Referring first to FIG. 1, a vehicle alternator control device 1 is provided to control the output voltage of an alternator 2 within a specified range. The alternator 2 comprises three-phase armature coils 21 in a stator (not shown), a field coil 22 in a rotor (not shown) and a full-wave rectifier circuit 23 for full-wave rectification of the three-phase outputs from armature coils 21. The alternator 2, particularly the rotor, is driven by an engine (not shown). Controlling the output voltage of the alternator 2 is accomplished by adjusting the field current to the field coil 22 by the alternator control device 1. An output terminal (terminal B) of the alternator 2 is connected to a vehicle battery 3 and other electrical loads (not shown) to supply electric current from the alternator 2.

The vehicle alternator control device 1 includes a power transistor 11 connected in series with the field coil 22 as a first switching means for supplying and shutting off the field current; a flywheel diode 12 connected in parallel to the field coil 22 for flywheeling the field current when the power transistor 11 is turned off; a voltage control circuit 13 for monitoring the output voltage of the alternator 2 and controlling the on/off state of the power transistor 11 so that this output voltage is regulated within a specified range; a primary power supply circuit 14 for supplying electric power to maintain the operating state of the voltage control circuit 13; and a secondary power supply circuit 15 for detecting when the rotor of the alternator 2 turns, that is, when the engine rotates, based on an a.c. voltage of the y-phase (the y-phase voltage Py, for example) of the armature coil 21 to drive the primary power supply circuit 14.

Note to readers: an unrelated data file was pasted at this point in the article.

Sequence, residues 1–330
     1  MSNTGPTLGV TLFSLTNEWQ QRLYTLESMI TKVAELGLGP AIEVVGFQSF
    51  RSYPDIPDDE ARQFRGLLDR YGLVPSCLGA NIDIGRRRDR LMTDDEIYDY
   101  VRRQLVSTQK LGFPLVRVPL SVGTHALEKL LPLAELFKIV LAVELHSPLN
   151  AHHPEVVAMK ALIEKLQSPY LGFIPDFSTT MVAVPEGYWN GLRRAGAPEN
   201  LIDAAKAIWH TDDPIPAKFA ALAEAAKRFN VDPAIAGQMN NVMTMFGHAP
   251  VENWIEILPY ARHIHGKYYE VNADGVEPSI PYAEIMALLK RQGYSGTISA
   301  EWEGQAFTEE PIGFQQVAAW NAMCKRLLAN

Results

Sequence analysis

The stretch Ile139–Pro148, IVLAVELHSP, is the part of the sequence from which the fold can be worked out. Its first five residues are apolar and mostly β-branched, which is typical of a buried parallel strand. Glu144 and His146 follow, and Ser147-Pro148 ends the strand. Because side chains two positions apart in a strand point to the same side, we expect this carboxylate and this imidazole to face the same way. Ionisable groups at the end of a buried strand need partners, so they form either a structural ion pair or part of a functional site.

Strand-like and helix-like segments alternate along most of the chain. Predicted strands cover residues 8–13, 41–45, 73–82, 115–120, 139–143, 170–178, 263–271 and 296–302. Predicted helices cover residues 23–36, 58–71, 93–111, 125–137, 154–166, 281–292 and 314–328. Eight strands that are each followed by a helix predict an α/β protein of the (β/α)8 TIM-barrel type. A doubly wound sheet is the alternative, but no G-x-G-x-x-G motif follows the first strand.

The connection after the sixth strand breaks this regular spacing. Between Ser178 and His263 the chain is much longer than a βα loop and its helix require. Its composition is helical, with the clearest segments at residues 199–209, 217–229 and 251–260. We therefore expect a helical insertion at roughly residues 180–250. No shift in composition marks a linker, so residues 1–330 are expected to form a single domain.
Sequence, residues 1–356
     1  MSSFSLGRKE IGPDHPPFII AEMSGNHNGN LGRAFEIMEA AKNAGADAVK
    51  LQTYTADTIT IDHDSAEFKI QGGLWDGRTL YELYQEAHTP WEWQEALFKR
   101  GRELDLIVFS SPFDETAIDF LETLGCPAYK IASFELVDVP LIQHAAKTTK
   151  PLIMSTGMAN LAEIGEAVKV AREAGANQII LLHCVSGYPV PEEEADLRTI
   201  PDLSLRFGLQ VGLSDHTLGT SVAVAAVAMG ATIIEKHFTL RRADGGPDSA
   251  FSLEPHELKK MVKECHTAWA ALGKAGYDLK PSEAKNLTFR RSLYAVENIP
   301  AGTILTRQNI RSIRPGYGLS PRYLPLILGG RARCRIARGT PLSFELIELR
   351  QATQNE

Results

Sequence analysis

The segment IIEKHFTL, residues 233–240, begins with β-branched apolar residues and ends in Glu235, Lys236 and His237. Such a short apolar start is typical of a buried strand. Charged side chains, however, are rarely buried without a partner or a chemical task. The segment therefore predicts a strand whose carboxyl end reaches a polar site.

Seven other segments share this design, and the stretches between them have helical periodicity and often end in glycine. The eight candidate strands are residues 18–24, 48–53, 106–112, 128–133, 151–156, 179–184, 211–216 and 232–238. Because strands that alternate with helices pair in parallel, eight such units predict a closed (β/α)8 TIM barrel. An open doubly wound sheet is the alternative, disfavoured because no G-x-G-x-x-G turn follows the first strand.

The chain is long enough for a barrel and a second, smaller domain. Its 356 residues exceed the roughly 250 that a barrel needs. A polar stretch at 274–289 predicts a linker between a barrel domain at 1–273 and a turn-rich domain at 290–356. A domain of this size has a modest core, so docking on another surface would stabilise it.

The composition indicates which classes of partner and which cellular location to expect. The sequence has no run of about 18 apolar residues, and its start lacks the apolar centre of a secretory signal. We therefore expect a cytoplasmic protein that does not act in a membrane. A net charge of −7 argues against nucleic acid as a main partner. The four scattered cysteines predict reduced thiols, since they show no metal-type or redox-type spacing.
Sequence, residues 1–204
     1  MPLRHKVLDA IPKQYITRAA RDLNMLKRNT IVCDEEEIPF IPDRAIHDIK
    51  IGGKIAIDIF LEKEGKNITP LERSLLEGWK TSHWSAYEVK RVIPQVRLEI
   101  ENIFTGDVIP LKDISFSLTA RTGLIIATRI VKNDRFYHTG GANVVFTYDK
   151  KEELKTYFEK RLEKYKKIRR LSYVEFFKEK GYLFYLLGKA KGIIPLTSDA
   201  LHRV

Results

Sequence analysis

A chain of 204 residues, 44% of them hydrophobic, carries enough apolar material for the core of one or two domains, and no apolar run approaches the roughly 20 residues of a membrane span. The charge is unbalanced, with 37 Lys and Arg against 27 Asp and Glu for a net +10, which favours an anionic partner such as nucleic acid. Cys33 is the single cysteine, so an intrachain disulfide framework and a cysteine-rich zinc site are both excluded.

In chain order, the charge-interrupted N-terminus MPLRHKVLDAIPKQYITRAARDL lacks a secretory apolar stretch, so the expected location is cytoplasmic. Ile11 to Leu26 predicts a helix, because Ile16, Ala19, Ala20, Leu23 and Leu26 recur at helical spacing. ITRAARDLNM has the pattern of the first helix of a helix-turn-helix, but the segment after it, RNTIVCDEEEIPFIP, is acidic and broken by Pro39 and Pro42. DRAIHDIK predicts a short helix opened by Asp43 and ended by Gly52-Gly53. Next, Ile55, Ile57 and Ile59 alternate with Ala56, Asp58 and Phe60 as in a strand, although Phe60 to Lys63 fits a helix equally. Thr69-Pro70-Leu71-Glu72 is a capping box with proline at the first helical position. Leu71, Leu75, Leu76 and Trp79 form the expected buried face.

As shown in FIG. 2, the secondary power supply circuit 15 comprises voltage comparators 30 and 31, a counter circuit 32, an OR gate 33, an analog switch 34, a peak detector circuit 35, a timer circuit 36, resistors 37 and 38, and a transistor 39. The voltage comparator 30 generates a pulse signal according to the rotation speed of the alternator 2 by comparing and digitizing the y-phase voltage Py applied to an input terminal 40 with a specific reference voltage V1. The counter circuit 32 counts the pulse signals output from the voltage comparator 30. When the pulse count reaches a specific count N1, the output level inverts.

The transistor 39, which is a MOSFET for example, is a second switching means for taking the leakage current in the armature coil 21 or full-wave rectifier circuit 23 to ground. The resistor 38 is connected between the input terminal 40 and transistor 39, and has a resistance lower than that of the resistor 37 connected between the input terminal 40 and ground.